POSTED ON SEPTEMBER 19, 2007:
Steeped in History
"Decaf grande skim latte." "Double mocha macchiato!" How do you take yours? The days of the plain cup of coffee are long gone, but that's not such a bad thing. Captain John Smith, who in 1607 is said to have introduced coffee to North America, would be perplexed and amazed at today's coffee advancements.
Originally native to Ethiopia and the Sudan, it is a simple coffee tree's small red berries that contain the seeds--the coffee beans--so many crave. Who would have imagined, or devised, the process of roasting, grinding and brewing with boiling water.
A celebrated brew, once demonized by the health establishment, recent scholarship suggests coffee is not as bad for you as once thought. The on-again, off-again latest research of its effects on health report that moderate consumption does not cause the body harm; to the contrary, a Harvard Medical School report in 2006 uncovered possible benefits.
Today's choices for a cup of Joe, while more entertaining and creative, can be at times confusing. Options include the automatic drip or French press versions, ground or whole bean. Caffeinated or not? Cappuccino, cappuccino with cream, Americano, mocha, latte, espresso, macchiato?
Stonewood Coffee & Tea Co. is hip to the modern bean. Manager Monica Martin says what sets their coffee house apart from others is "the personal care and attention to hand craft each and every drink."
She says preparing each drink is a "culinary art," definitely the current strategy and Starbucks model. Martin says General Operation Manager for Stonewood David Sell attended to The American Barista and Coffee School (ABC's) in Portland, OR, for special training in preparing the perfect cup of coffee. (ABC's is the only professional school in the U.S. devoted to domestic and international specialty coffee business education and hands-on barista training.)
And, I will have to say, my cup of cappuccino was one of the best versions I've had of late. I had the Piccolo size (12 oz.) of my favorite coffee drink; it was hot, creamy and, for a little decadence--an aberration of the true cappuccino, I admit--I agreed to have a dollop of whipped cream on top. The cream quickly disappeared within the first few sips, which soon exposed the authentic cappuccino I love. Other sizes are Medio (16 ounces) and Grande (20 ounces).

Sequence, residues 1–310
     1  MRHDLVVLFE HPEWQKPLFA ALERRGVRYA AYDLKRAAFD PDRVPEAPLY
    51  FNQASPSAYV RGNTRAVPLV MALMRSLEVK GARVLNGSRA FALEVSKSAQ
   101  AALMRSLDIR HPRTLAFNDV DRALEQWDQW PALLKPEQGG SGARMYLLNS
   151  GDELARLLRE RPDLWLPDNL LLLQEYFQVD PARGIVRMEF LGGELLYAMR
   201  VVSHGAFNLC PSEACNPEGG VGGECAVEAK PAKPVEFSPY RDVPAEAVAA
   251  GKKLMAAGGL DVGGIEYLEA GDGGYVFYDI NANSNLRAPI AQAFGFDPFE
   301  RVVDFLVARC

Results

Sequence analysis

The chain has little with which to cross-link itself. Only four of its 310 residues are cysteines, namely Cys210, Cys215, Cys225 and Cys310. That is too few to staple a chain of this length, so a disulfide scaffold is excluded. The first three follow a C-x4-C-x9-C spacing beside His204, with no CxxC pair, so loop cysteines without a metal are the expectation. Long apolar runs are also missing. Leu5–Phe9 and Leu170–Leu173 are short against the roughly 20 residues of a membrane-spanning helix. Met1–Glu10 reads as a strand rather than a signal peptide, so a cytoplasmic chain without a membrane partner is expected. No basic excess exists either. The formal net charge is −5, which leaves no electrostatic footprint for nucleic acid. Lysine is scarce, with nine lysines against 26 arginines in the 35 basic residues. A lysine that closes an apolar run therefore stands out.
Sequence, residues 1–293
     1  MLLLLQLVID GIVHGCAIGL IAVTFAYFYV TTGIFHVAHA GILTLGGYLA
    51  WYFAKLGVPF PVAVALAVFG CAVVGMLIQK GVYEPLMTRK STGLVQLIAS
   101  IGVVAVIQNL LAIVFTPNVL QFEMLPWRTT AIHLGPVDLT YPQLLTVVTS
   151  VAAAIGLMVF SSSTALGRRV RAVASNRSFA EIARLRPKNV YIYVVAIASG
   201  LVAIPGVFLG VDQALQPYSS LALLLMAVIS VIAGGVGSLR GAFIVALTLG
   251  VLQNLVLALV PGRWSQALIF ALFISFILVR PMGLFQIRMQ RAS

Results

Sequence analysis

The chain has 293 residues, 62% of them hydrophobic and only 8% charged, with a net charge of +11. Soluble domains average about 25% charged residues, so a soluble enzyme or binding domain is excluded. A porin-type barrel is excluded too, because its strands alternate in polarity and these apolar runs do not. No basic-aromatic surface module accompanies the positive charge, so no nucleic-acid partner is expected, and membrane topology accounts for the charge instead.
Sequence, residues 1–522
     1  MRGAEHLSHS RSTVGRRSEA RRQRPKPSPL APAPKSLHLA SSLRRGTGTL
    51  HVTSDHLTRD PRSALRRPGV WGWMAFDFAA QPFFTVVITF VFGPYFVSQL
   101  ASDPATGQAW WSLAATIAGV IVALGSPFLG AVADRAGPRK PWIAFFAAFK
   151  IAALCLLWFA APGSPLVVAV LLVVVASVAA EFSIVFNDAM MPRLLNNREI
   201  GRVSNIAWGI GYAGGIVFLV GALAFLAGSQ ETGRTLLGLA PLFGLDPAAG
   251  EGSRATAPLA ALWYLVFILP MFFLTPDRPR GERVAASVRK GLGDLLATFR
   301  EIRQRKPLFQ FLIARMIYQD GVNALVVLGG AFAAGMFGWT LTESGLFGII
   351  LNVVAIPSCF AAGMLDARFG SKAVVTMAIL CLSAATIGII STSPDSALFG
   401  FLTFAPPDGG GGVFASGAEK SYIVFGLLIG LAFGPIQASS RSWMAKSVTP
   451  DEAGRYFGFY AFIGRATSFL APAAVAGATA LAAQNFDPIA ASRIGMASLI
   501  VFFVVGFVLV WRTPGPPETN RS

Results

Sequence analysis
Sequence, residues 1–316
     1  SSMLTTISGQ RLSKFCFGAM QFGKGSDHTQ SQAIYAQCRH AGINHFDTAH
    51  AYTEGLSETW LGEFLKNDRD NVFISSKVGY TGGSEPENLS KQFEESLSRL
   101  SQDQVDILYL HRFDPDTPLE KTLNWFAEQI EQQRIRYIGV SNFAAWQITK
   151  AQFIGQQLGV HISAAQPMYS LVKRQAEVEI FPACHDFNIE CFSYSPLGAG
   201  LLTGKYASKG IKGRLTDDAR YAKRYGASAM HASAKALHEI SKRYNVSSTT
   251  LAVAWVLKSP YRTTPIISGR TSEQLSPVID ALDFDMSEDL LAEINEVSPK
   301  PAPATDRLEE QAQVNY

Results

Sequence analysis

I also ordered an Italian Fizz, which begins with a cup of ice, a good measure of club soda and a splash of gourmet flavored syrup--I chose ruby red grapefruit. Sounds a bit odd, I admit, but it turned out to be a very refreshing drink for this hot day.
The dining room is large and welcoming, with wi-fi available, of course. Tables, couches and chairs offer a warm feel to stay a while. Martin says they are also going to have live music on Friday evenings to see how it received.
Other Monin syrups which can be added to the Italian Fizzes or other drinks include vanilla, caramel, hazelnut, almond, cinnamon, coconut, white chocolate, frosted peppermint, toffee nut, cherry, amaretto, and more. Many of these are sugar free. All syrups are made from natural fruits, nuts, spices and sugars and are fat and cholesterol free.
Stonewood carries more than 30 loose teas of the Metropolitan Teas and Adagio brands, she says. Some include the popular English Breakfast, 1776 Blend, Earl Grey, Sunshine Rooibos, Blueberry Bang Rooibos, Long Island Strawberry Green Tea and Margaret's Hope Darjeeling.
These are sold by the bulk, as are the more than 20 coffees. Price for teas are $3.25 for two ounces, $6.50 for four ounces and $13 for eight ounces.
Beans are roasted by roastmaster Brian Franklin of Double Shot Coffee Co., who uses a 1953 Vittoria from Bologna, Italy, for preparing the perfect beans. By the pound, beans are $13.50, except the espresso beans. I took a few pounds home, the Kenya AA Kieni and the Stonewood Signature; the Stonewood Signature has a rich, yet mild taste, good for a morning cup of coffee; the Kenya is a bit stronger, yet bursting with deep, authentic taste.
In the few months that Stonewood Coffee & Tea Co. has been opened, some of the most popular drinks are surfacing.
"For the hot drinks," says Martin, "the Mocha Latte and Vanilla Latte are some of the most requested ones."
Other drinks on the menu include Café Latte, Café Mocha Latte, Chai Tea and Café Au Lait.
The popular cold coffee drinks are the many versions of the Ice Blended Arabicaccios, which are espresso, milk, ice and mixed with a Monin gourmet flavor; Caramel Latte and Double Fudge Mocha are two of the favorites, says Martin. And, how can you go wrong with Ghirardelli as the chocolate used in these drinks?
Big Train Fruit Smoothies are also popular, says Martin, coming in Medio and Grande sizes. Smoothies are infused with green tea, high in vitamin C, low in fat and antioxidant rich. They can be mixed with strawberry, lemon cooler, pineapple coconut, peach pizzazz, mango guava madness, passion orange guava, wild berry boost, banana banana, acai and blueberry pomegranate.
If the drinks aren't filling enough, desserts, fresh pastries and wraps will do the trick. Cookies ($1), scones ($2.75), cinnamon rolls ($1.95), assorted Danishes ($1.35) and muffins ($1.25) are all baked in-house while the coffee cake, dessert cake ($3.25), snowflake cake ($3.25) and the wraps are all from Merritt's.
The best way to Stonewood from Tulsa is to take the Broken Arrow Expressway east, exit Elm. Turn left (north), and turn right on Stonewood Drive. Stonewood Coffee & Tea Co. is on the southwest corner of the strip shopping center.
Stonewood Coffee & Tea Co.
449 W. Stonewood Dr., Broken Arrow
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